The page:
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NNCG’s Knowledge Center

NNCG’s Knowledge Center is a searchable, online database of resources for and about grantmaking, produced by highly qualified and experienced philanthropy consultants. NNCG’s Knowledge Center contains a wealth of reports, case studies, infographics, issue briefs, videos and more that offer ideas, research and helpful information about almost every aspect of philanthropy. Each item was authored or published by an NNCG member.





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Is Grantmaking Getting Smarter?

Grantmakers recognize the value of supporting effective, well-led organizations — strong organizations create meaningful changes in the world. To help us understand whether we are making progress in supporting nonprofits in ways that allow them to be successful, GEO conducts field research to track trends in grantmaker practice. In short, we want to know: is grantmaking getting smarter? GEO’s 2014 study highlights some important shifts in how grantmakers support nonprofit results, but also reveals where we’re falling short. To help inform this study, we convened a nonprofit task force and feature the perspective of nonprofit leaders throughout the report to Read more





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Interview with Carol Civita, Brazilian philanthropist

A disposition to give is not the same as a culture of philanthropy, argues Brazilian philanthropist Carol Civita. Brazil has always had the one but still lacks the other, she tells Caroline Hartnell. Part of the problem is that Brazilians see social problems as the government’s business, but in her view the country needs partnerships between the public sector and private philanthropy if social development is to catch up with economic development. But foundations are beginning to talk to each other, she says, a big step forward.







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Valuing Social Return on Investment

This report seeks to identify and describe state-of-the-art approaches to valuing social returns on social investments (SROI), to review the organizational challenges to implementing an SROI measurement process, and to examine in detail organizations in the Netherlands and the United States that have attempted to use SROI measurements. The focus of each piece of the project was SROI methods and valuation in the health care field, specifically. In the conclusion, the report distills some best practices and practical tips for conducting SROI measurements.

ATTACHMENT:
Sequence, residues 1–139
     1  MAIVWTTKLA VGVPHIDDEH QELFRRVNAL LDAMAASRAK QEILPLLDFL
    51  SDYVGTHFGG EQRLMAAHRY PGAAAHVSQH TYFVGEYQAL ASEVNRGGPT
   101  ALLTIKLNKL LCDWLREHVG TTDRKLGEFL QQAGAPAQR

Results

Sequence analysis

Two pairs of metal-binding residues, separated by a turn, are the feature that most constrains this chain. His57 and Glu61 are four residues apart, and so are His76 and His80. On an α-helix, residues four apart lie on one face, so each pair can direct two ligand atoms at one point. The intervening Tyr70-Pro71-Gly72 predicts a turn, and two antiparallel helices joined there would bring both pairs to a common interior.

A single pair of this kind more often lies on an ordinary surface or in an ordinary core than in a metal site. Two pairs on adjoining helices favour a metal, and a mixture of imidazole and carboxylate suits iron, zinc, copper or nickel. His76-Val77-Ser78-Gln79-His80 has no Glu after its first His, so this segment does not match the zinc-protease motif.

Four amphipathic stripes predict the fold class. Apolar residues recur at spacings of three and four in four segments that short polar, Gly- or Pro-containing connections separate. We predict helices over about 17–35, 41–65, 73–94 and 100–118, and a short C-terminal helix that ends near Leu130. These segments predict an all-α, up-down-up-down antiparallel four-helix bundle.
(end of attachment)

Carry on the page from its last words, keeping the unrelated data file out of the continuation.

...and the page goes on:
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The Future of Family Philanthropy – Predicting and Preparing

Based on the candid peer conversations and insights from thought leaders that were offered during two “National Summits” on family philanthropy, this brief envisions the changes in the field, and suggests ways to adapt family giving for a better future– a future of new families, new generations, new kinds of relationships, and new methods for creating change.





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Next Gen Donors Report

This project is a partnership of The Frey Chair for Family Philanthropy program at the Johnson Center for Philanthropy, and 21/64, a nonprofit consulting practice specializing in next gen and multigenerational strategic philanthropy. These two organizations, although different in form and scope, share a focus on understanding and improving family philanthropy.  





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Celebrating 100 Years of Community Foundations: Stories and Lessons from 35 Years of Supporting the Community Foundation Field

The goal of this microsite is to share what the Charles Stewart Mott Foundation has learned in more than 35 years of supporting the field, offer key insights, and highlight our legacy of partnering with community foundations in a way that advances the vital work they do to strengthen their communities.  





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Donor Strategies to Prevent Childhood Obesity: Lessons from Greater Philadelphia